Surah Ar-Rahman talks about all of creation and all the blessings God provides—from the perfect balance of nature, to the trees that will greet us in heaven. Beginning with the thirteenth verse, and successively after almost every other verse, this chapter includes the repeating refrain: “Then which of the favors of your Lord will ye deny?”(5) At first I understood this question to refer back to all of the gifts of creation and the heavens that are mentioned in the alternating verses. However, upon further study and reflection, this question became one that I could apply to any and every part of my life. Everything is a blessing; which of these blessings will I deny? During my time at Santa Clara, I have had the honor of cultivating friendships with people I would have never imagined possible. Having a respectful relationship with someone who does not share your most fundamental and central beliefs can be challenging, but it is also inspiring and encouraging. Because of our differences, we are compelled to encounter one another with a deeper level of love and respect. Surah Ar-Rahman offers a framework for my engagement with the world, and for my relationships in the world. As I continue my journey at Santa Clara and beyond, I am excited to see the development of my faith within the framework of the Qur’an, asking myself, “Then which of the favors of your Lord will ye deny?”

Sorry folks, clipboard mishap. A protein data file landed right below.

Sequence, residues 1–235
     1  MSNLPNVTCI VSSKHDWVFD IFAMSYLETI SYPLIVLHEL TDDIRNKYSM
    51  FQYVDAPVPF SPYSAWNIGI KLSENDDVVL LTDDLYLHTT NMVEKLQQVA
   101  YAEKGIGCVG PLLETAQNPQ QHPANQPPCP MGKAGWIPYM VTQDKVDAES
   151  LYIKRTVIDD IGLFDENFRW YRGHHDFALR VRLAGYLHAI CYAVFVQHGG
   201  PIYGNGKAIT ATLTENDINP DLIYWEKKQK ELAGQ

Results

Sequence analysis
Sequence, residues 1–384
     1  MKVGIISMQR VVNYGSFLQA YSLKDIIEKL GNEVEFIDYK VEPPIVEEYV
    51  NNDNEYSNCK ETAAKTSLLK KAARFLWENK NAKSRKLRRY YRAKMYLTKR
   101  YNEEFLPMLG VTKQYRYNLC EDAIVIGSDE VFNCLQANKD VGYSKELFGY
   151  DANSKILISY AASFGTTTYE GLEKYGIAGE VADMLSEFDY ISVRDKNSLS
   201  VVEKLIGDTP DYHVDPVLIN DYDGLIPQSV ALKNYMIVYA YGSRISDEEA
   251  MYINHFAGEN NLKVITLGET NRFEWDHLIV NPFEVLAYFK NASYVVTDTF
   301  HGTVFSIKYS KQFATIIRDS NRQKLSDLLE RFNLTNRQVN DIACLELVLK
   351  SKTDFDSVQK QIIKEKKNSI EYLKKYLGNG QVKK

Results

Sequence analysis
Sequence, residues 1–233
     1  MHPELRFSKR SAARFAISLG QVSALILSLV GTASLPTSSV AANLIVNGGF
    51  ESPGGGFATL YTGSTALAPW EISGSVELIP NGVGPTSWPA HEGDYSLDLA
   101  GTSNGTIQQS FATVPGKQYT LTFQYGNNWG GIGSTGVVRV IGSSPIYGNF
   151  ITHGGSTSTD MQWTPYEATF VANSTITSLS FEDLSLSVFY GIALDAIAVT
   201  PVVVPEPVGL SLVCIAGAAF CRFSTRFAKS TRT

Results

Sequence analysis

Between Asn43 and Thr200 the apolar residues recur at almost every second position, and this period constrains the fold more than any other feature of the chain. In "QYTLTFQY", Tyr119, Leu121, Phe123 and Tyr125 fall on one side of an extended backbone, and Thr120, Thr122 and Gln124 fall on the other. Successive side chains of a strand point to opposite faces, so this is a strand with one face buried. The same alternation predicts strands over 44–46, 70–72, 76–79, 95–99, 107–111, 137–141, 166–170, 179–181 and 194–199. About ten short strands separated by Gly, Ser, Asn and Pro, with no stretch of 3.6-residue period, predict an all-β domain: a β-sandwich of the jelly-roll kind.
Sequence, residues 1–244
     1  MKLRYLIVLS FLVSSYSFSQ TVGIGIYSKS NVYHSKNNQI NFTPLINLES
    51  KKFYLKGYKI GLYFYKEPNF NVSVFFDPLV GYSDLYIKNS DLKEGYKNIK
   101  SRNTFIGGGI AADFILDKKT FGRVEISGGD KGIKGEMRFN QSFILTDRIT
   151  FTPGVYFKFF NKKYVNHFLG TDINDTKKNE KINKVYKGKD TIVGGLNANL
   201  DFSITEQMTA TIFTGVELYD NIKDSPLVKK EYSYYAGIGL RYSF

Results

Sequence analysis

SEHER SIDDIQEE is a junior Religious Studies and Psychology major at Santa Clara University and serves as the Interfaith Intern in the Campus Ministry Department. When she graduates, Siddiqee is planning to pursue the Islamic Chaplaincy Program at the Macdonald Center for the Study of Islam and Christian- Muslim Relations at Hartford Seminary in Connecticut.
 

 

Endnotes


  1. Hans Wehr, Arabic-English Dictionary (Wiesbaden:Harrassowitz, 1993).
  2. Surah Rahman is the 55th chapter in the Qur’an.
  3. By typing Surah Rahman into a search engine, you may hear a recitation online.
  4. These invitations to learn more about my own tradition and my place within it led me, in part, to participate in the summer Arabic Language Intensive Program between my sophomore and junior years at Santa Clara.
  5. The Glorious Qur’an, trans. Abdullah Yusuf Ali (United States: Library of Congress, 1977). This may be incomplete as Ali’s translation was in 1938 published in Pakistan.